It has been said that during World War I, British soldiers were given bromide to curb their sexual urges. Lord Dunsany mentions a soldier being given bromide as a sedative for nervous exhaustion and overwork in his play Fame and the Poet (1919).
The bromide ion is antiepileptic and as bromide salt, is used in veterinary medicine in the US. The kidneys excrete bromide ions. The half-life of bromide in the human body (12 days) is long compared with many pharmaceuticals, making dosing challenging to adjust. (A new dose may require several months to reach equilibrium.) Bromide ion concentrations in the cerebrospinal fluid are about 30% of those in blood and are strongly influenced by the body's chloride intake and metabolism.
Since bromide is still used in veterinary medicine in the United States, veterinary diagnostic labs can routinely measure blood bromide levels. However, this is not a conventional test in human medicine in the US since there are no FDA-approved uses for the bromide. Therapeutic bromide levels are measured in European countries like Germany, where bromide is still used therapeutically in human epilepsy.
Bromide is rarely mentioned in the biochemical context. Some enzymes use bromide as substrate or as a cofactor.
Bromoperoxidase enzymes use bromide (typically in seawater) to generate electrophilic brominating agents Hundreds of organobromine compounds are generated by this process. Notable examples are bromoform, thousands of tons of which are produced annually in this way. The historical dye Tyrian purple is produced by similar enzymatic reactions.
In one specialized report, bromide is an essential cofactor in the peroxidising catalysis of sulfonimine crosslinks in collagen IV. This post-translational modification occurs in all animals and bromine is an essential trace element for humans.
The average concentration of bromide in human blood in Queensland, Australia, is 5.3±1.4 mg/L and varies with age and gender. Much higher levels may indicate exposure to brominated chemicals. It is also found in seafood.
Encyclopedia articles and books
- Christe, K., and S. Schneider (2020), Bromine, Encyclopædia Britannica.
- Emerson, S., and J. Hedges (2011), Chemical Oceanography and the Marine Carbon Cycle, Cambridge University Press, Cambridge.
- Glasow, R. von, and C. Hughes (2014), Biogeochemical Cycles: Bromine, Encyclopedia of Atmospheric Sciences (Second Edition).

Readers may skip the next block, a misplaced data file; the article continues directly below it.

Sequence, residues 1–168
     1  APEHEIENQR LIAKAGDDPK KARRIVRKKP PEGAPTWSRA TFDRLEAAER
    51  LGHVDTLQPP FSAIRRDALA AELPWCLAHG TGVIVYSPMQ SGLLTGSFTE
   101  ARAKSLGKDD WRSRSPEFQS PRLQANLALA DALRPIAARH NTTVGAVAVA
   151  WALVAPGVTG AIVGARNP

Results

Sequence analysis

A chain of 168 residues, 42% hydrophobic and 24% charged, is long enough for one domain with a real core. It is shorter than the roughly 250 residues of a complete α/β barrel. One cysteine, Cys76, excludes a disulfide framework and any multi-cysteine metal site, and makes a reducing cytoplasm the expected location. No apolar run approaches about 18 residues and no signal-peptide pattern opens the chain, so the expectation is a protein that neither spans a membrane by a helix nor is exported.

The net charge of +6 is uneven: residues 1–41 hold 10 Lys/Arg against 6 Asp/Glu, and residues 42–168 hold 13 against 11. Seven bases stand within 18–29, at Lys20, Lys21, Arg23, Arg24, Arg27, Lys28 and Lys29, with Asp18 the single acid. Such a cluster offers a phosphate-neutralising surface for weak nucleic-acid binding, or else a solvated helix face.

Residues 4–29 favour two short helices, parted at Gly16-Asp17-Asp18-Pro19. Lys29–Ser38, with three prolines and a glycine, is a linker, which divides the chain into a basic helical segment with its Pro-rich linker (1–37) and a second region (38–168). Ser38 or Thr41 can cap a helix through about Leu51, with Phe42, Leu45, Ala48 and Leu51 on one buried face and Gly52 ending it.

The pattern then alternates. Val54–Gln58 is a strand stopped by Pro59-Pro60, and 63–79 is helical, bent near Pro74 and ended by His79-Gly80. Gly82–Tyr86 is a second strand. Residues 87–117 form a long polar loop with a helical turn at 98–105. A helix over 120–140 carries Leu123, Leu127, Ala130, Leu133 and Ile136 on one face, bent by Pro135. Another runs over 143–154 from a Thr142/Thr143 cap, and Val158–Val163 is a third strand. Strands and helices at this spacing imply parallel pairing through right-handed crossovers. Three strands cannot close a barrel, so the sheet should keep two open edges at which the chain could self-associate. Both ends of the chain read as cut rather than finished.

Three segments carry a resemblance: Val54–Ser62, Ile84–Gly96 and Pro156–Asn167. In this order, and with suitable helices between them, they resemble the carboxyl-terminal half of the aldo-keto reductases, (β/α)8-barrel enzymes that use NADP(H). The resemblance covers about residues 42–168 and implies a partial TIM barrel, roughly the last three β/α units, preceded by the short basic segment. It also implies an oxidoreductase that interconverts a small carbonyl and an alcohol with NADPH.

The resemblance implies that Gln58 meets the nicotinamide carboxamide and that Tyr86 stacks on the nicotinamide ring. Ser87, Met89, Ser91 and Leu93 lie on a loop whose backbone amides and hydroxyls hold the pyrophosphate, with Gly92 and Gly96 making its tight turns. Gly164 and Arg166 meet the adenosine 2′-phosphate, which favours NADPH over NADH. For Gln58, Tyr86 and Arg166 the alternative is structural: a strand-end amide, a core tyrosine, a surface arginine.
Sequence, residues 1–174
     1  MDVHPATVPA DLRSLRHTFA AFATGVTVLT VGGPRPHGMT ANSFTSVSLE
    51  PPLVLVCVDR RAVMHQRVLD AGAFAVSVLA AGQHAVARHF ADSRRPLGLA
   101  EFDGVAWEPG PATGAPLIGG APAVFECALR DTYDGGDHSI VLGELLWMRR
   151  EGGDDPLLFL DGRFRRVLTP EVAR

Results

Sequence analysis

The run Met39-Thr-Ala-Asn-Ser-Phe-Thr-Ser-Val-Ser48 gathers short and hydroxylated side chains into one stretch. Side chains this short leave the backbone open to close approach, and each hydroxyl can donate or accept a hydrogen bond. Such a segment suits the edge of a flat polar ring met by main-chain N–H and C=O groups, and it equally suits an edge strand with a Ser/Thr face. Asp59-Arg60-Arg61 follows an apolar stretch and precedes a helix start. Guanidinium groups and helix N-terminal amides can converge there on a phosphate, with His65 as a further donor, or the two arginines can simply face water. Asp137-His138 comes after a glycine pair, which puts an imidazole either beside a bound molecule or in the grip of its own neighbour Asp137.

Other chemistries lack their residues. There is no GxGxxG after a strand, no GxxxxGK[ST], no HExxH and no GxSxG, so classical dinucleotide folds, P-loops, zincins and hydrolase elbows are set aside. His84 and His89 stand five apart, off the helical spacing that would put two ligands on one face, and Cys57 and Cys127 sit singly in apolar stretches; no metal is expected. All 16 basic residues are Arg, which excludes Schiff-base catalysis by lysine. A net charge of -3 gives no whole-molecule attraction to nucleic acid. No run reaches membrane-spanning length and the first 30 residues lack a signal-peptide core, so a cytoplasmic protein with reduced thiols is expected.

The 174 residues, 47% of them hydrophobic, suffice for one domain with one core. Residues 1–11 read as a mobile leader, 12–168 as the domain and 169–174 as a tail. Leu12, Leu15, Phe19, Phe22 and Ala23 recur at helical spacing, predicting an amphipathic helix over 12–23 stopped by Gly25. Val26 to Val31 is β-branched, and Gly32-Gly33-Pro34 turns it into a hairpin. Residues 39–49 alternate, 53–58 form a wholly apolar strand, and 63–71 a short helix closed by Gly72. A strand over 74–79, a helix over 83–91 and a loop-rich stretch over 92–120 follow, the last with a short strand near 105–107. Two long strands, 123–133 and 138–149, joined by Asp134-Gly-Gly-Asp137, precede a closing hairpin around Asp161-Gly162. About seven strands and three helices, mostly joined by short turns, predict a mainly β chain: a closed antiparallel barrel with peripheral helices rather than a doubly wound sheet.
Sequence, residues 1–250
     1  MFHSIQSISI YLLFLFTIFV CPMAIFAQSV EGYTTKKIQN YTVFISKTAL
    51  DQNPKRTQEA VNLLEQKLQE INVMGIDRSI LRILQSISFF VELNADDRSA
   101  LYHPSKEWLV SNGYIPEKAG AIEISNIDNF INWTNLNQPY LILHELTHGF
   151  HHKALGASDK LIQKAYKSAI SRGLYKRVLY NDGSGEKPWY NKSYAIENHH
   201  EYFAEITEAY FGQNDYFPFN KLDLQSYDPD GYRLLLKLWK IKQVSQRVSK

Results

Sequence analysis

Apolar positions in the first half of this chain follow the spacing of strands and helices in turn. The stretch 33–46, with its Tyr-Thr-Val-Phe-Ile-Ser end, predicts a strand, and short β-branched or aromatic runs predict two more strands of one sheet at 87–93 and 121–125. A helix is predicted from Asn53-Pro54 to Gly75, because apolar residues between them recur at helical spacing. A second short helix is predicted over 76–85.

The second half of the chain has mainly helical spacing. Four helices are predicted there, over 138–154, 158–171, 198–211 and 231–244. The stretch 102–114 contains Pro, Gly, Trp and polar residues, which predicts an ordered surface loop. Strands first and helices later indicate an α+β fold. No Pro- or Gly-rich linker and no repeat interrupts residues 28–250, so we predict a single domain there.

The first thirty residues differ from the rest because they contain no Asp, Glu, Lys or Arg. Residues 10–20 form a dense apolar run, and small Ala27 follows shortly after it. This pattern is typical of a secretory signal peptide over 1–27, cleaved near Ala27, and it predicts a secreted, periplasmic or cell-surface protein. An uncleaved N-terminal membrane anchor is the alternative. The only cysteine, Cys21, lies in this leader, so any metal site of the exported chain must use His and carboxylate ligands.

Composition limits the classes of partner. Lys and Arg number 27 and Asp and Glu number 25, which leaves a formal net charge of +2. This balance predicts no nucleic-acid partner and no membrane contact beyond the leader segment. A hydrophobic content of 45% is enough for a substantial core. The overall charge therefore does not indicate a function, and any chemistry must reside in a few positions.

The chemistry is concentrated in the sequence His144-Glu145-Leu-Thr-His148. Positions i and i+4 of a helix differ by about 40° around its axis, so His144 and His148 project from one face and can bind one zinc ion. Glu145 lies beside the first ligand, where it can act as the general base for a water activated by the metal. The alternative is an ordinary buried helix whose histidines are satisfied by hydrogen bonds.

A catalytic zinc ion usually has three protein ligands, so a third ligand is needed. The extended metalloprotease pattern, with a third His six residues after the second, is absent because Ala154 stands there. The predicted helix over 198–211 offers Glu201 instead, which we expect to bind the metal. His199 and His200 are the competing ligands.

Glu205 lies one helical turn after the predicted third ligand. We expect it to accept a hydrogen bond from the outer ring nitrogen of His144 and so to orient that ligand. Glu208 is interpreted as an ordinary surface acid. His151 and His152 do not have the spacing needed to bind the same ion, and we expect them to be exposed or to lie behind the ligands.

- Knight, J., and N. Schlager (2002), Real-life chemistry, Gale Group, Detroit, MI.
- Millero, F. J. (2013), Chemical oceanography, Taylor & Francis, Boca Raton.
- Newton D. E. (2010), Bromine (Revised), Chemical Elements: From Carbon to Krypton.
- Riley, J. P., G. Skirrow, and R. Chester (1975), Chemical Oceanography, Academic Press, London
- Ross, R. (2017), Facts About Bromine, LiveScience.
- Steele, J. H., S. A. Thorpe, and K. K. Turekian (2001), Encyclopedia of Ocean Sciences, Academic Press, San Diego.
- Steele, J. H., S. A. Thorpe, and K. K. Turekian (2009), Encyclopedia of Ocean Sciences, Academic Press, Boston.
- Watkins, T. (2011), Bromine, Environmental Encyclopedia.
Peer-reviewed journal articles for bromine (Br)
- Wisniak, J. (2002), The history of bromine from discovery to commodity, NOPR.
Peer-reviewed journal articles for bromide (Br−)
- Anbar, A. D., Y. L. Yung, and F. P. Chavez (1996), Methyl bromide: Ocean sources, ocean sinks, and climate sensitivity, AGU Journals.
- Foti, S. C., and Naval Ordnance Lab White Oak Md (1972), Concentration of Bromide Ions in Seawater by Isotopic Exchange with Mercurous Bromide, DTIC.
- Gribble, G. W. (2000), The natural production of organobromine compounds, Environmental Science and Pollution Research, 7(1), 37–49, doi:10.1065/espr199910.002.
- Leri A. (2012), The Chemistry of Bromine in Terrestrial and Marine Environments, Science Highlight.
- Magazinovic, R. S., B. C. Nicholson, D. E. Mulcahy, and D. E. Davey (2004), Bromide levels in natural waters: its relationship to levels of both chloride and total dissolved solids and the implications for water treatment, Chemosphere, 57(4), 329–335, doi:10.1016/j.chemosphere.2004.04.056.